There is no denying that the manner in which we seek to achieve redress and justice in relation to land is complex. This is appreciated by stakeholders across the board. Yet it seems the more complicated our challenges become, the simpler the proposed solutions are.

It is not a binary, either/or choice. Nonracialism is the bedrock on which we will bring all South Africans together. And without real, meaningful redress, we will not bring all South Africans together. Both the principles of redress and nonracialism are crucial to the challenge of building one SA for all.

This is important as the ANC is seemingly willing to sacrifice nonracialism and nation building at the altar of populist political expediency. It is this that I reject in its entirely. It is dangerous and destructive.

Where the DA governs we have made huge strides in achieving redress without sacrificing other constitutional principles. When it comes to land redress, we have already distributed over 100,000 title deeds, empowering more than 100,000 families with ownership of an economically empowering asset.

Building one SA for all is not a Kumbaya, let’s hold hands and leave the unjust status quo as it stands situation. Far from it, in fact. Building an inclusive SA for all requires that we come together as we did in 1994 and work together — across racial, cultural, religious and gender divides — to heal the injustices of our past. We must do the same as it pertains to land.

Where the DA governs we have made huge strides in achieving redress without sacrificing other constitutional principles. When it comes to land redress, we have already distributed over 100,000 title deeds, empowering more than 100,000 families with ownership of an economically empowering asset.

We have established share equity schemes, whereby those who work the land share in the profits of the activity on the land. Where the DA governs, we have a 60% success rate in agricultural land reform, achieved by giving comprehensive support to emerging black farmers. In contrast, the ANC national government has a 90% failure rate when it comes to land reform projects.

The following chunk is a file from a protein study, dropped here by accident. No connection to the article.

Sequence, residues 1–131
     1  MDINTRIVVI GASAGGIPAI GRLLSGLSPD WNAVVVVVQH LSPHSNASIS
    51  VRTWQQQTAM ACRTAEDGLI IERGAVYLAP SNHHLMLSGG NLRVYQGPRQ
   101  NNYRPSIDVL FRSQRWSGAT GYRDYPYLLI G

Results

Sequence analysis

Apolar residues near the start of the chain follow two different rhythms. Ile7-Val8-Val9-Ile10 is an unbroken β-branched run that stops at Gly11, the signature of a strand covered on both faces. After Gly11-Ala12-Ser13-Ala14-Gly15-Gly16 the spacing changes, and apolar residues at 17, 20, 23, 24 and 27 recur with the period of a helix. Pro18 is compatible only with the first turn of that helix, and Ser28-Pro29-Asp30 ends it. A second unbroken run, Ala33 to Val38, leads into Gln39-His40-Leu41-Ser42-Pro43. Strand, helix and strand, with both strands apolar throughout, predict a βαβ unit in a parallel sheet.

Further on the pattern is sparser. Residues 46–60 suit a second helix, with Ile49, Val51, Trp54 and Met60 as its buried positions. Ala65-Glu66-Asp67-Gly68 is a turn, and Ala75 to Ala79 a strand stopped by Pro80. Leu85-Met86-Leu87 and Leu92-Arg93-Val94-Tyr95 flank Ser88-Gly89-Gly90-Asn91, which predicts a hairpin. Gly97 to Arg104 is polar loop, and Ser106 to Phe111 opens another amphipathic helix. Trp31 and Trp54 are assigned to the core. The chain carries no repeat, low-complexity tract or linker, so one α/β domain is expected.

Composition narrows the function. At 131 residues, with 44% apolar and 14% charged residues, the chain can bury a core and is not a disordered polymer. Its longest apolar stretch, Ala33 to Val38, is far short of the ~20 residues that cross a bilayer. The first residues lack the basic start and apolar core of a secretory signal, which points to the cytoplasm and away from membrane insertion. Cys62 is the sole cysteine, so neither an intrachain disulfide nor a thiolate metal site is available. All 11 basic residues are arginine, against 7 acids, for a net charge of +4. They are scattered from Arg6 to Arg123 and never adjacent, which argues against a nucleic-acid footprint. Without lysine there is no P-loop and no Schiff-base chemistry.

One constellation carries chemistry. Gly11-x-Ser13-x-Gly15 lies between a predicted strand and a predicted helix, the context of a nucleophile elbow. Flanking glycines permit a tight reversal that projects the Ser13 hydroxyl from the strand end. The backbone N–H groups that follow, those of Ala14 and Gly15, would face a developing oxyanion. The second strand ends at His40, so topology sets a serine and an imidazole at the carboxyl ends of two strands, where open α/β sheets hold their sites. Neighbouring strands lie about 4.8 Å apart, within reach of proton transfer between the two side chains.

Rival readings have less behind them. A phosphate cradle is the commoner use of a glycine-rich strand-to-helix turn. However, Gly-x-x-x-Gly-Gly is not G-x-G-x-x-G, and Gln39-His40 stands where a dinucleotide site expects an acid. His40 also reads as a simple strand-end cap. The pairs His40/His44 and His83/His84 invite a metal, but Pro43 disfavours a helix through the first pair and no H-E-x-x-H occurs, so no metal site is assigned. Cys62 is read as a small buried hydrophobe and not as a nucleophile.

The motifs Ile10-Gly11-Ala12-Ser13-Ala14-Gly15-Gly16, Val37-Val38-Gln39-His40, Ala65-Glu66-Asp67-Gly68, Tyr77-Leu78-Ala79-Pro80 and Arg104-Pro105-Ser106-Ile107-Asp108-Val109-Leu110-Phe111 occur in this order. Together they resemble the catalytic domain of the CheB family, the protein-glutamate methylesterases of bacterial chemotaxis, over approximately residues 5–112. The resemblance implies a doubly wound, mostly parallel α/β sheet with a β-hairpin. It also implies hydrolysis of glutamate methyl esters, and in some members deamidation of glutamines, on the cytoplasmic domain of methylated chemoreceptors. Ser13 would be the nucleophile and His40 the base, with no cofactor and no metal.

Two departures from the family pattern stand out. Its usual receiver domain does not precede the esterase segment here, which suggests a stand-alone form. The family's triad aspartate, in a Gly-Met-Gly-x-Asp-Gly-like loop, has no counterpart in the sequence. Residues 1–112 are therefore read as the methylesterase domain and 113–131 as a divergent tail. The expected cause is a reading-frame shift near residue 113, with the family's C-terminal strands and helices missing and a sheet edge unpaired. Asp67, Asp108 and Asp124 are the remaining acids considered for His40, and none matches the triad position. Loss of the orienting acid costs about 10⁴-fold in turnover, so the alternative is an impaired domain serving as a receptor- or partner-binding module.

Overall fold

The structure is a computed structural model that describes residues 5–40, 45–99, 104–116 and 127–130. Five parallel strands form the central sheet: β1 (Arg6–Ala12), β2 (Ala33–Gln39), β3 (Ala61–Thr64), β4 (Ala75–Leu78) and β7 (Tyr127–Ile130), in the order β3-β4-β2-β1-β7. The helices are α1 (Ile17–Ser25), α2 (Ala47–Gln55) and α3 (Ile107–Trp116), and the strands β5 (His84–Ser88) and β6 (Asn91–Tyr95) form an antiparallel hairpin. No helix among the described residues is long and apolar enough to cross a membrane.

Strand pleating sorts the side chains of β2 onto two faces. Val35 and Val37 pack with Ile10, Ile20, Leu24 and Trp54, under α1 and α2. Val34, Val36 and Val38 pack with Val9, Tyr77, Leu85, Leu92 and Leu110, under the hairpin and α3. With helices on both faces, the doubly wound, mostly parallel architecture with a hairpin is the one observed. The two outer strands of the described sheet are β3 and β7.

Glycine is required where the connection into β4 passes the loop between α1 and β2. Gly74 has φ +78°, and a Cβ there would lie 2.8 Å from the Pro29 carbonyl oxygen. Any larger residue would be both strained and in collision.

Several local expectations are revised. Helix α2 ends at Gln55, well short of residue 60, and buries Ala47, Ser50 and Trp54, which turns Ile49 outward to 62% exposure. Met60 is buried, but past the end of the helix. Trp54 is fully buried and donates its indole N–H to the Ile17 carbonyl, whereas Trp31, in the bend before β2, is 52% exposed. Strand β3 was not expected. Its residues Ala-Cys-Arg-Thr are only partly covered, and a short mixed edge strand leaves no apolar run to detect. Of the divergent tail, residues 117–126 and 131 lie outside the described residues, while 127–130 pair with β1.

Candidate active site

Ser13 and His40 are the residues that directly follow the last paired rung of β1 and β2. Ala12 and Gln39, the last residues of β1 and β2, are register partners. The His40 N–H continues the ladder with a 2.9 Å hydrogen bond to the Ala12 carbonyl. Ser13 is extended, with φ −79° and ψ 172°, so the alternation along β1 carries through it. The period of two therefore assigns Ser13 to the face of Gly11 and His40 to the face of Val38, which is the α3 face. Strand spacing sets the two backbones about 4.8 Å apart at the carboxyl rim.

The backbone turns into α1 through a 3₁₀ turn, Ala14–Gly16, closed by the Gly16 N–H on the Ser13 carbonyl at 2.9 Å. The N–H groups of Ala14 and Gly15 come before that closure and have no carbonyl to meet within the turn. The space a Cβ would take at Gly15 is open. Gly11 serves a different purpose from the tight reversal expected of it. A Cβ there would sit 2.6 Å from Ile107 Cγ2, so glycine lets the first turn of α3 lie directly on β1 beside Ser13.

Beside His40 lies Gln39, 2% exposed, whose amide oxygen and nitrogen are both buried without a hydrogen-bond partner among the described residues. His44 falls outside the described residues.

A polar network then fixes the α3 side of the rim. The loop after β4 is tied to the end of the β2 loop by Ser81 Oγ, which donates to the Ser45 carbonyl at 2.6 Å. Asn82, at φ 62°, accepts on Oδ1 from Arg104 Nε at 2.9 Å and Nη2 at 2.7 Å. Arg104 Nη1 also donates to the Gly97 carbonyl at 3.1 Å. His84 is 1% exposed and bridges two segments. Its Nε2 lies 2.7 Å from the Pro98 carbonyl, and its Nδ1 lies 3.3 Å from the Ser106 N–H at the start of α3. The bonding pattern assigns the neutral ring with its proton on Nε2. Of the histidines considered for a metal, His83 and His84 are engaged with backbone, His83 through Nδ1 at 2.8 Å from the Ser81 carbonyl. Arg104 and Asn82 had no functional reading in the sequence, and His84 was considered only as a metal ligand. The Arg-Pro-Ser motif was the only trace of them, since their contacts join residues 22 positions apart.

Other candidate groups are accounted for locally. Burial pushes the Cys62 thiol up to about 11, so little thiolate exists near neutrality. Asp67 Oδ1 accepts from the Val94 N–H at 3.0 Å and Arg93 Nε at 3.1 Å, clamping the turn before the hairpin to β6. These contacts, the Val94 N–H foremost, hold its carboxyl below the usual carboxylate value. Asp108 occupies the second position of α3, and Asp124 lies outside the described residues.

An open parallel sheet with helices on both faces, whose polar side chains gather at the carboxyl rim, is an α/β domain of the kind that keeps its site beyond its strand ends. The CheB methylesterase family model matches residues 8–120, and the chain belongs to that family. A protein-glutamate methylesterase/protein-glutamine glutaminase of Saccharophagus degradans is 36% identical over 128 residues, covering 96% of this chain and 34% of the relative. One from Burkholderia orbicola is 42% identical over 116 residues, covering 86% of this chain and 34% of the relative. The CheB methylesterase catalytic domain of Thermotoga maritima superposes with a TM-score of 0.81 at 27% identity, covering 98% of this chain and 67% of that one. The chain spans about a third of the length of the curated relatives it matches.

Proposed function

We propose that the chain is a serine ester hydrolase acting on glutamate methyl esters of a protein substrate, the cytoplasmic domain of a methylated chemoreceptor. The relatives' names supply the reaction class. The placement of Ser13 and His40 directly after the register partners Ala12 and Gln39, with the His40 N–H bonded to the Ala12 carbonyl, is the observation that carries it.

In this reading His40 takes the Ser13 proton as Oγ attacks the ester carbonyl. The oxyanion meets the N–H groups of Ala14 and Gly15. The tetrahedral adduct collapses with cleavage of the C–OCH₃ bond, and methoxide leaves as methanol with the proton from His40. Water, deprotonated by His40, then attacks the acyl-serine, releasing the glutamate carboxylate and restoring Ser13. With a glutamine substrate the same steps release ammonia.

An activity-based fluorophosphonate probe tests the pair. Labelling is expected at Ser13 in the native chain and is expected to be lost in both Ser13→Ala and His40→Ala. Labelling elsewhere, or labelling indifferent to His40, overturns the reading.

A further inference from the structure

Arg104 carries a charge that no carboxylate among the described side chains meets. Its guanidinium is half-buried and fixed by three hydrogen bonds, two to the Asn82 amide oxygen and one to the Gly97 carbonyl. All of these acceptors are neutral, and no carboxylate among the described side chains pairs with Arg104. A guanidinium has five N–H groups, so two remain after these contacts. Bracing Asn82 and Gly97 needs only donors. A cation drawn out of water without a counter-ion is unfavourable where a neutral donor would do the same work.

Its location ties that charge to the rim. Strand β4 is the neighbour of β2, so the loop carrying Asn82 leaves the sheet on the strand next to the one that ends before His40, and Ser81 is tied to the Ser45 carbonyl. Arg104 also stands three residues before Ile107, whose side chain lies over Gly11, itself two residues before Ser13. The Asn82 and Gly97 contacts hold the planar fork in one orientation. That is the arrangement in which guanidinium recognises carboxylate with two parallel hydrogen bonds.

We have established a land reform advisory desk and district land reform committees to provide the necessary support to emerging farmers. And we are the only provincial government to commission an external evaluation of all land reform farms within the province.

Building one SA for all requires of us to accept the frank reality that the ANC has failed us, and that the DA is the only alternative to lead our country forward. We need to look beyond the "good ANC" versus "bad ANC" prism and to an offer for a better, brighter future.

The ANC has abandoned its stance of nonracialism in favour of EFF-appeasing populist policies. When liberation movements turned political parties begin to lose support, they resort to the politics of division.

This has no place in our nation.

SA belongs to all who live in it. And it requires all to roll up their sleeves to work together from the point of departure of the values and spirit of our constitution.

• Maimane is DA leader.